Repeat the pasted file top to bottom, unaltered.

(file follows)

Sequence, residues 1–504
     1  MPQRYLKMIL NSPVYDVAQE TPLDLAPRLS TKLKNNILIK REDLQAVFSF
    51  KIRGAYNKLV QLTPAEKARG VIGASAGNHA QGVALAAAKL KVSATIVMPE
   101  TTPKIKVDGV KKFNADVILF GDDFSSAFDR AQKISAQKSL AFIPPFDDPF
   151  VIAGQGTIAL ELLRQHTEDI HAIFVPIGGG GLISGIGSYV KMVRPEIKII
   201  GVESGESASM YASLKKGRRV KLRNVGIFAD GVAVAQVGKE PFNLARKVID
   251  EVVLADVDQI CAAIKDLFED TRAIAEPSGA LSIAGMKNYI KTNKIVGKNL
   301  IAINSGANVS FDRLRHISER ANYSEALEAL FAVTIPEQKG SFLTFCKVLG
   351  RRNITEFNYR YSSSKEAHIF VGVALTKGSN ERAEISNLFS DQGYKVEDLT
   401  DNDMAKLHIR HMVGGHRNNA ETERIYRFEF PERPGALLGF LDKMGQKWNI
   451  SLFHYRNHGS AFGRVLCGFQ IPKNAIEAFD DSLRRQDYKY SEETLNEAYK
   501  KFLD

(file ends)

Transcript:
Sequence, residues 1–504
     1  MPQRYLKMIL NSPVYDVAQE TPLDLAPRLS TKLKNNILIK REDLQAVFSF
    51  KIRGAYNKLV QLTPAEKARG VIGASAGNHA QGVALAAAKL KVSATIVMPE
   101  TTPKIKVDGV KKFNADVILF GDDFSSAFDR AQKISAQKSL AFIPPFDDPF
   151  VIAGQGTIAL ELLRQHTEDI HAIFVPIGGG GLISGIGSYV KMVRPEIKII
   201  GVESGESASM YASLKKGRRV KLRNVGIFAD GVAVAQVGKE PFNLARKVID
   251  EVVLADVDQI CAAIKDLFED TRAIAEPSGA LSIAGMKNYI KTNKIVGKNL
   301  IAINSGANVS FDRLRHISER ANYSEALEAL FAVTIPEQKG SFLTFCKVLG
   351  RRNITEFNYR YSSSKEAHIF VGVALTKGSN ERAEISNLFS DQGYKVEDLT
   401  DNDMAKLHIR HMVGGHRNNA ETERIYRFEF PERPGALLGF LDKMGQKWNI
   451  SLFHYRNHGS AFGRVLCGFQ IPKNAIEAFD DSLRRQDYKY SEETLNEAYK
   501  KFLD